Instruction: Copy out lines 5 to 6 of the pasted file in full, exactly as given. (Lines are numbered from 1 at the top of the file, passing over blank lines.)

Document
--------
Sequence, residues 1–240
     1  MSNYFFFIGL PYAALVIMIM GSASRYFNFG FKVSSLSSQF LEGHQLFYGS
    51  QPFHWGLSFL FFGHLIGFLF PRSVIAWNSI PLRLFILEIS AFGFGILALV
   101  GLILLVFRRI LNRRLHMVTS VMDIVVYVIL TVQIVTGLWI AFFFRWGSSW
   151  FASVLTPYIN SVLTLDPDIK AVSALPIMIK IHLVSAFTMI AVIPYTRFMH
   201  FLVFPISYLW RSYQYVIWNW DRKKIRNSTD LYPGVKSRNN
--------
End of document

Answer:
   151  FASVLTPYIN SVLTLDPDIK AVSALPIMIK IHLVSAFTMI AVIPYTRFMH
   201  FLVFPISYLW RSYQYVIWNW DRKKIRNSTD LYPGVKSRNN